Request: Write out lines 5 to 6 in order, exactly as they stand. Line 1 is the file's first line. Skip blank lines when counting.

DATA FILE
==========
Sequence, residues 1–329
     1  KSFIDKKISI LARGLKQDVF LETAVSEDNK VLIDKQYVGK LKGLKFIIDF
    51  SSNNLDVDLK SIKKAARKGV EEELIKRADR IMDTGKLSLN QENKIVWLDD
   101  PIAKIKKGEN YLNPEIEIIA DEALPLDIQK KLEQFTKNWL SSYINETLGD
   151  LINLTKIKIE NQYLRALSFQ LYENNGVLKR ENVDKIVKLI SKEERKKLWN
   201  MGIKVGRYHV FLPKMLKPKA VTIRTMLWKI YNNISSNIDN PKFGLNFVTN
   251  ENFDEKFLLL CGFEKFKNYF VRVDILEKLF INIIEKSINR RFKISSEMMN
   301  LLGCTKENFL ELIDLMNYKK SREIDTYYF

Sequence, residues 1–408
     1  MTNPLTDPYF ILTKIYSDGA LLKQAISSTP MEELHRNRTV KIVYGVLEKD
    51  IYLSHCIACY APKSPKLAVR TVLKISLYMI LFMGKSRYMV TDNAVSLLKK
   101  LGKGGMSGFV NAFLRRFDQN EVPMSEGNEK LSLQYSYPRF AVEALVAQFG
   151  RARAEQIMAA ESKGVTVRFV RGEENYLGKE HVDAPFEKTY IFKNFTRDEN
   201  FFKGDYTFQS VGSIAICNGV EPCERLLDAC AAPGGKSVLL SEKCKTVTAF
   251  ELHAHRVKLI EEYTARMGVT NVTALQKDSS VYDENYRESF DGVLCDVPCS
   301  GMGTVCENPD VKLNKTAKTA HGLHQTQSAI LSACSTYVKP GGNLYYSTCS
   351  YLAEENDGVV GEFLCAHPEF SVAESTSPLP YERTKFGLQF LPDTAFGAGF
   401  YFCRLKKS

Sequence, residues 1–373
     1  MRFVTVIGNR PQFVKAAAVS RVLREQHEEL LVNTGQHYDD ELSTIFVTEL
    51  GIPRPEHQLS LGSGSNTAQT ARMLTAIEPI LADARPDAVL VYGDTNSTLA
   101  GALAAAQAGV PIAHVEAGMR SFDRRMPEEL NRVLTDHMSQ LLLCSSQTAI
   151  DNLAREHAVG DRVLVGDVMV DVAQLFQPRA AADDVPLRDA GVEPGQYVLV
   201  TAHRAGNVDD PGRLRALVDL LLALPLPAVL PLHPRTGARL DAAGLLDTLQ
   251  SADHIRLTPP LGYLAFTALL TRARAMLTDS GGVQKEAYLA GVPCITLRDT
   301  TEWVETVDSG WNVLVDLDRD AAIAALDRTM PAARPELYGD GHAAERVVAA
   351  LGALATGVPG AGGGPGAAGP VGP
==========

   151  LINLTKIKIE NQYLRALSFQ LYENNGVLKR ENVDKIVKLI SKEERKKLWN
   201  MGIKVGRYHV FLPKMLKPKA VTIRTMLWKI YNNISSNIDN PKFGLNFVTN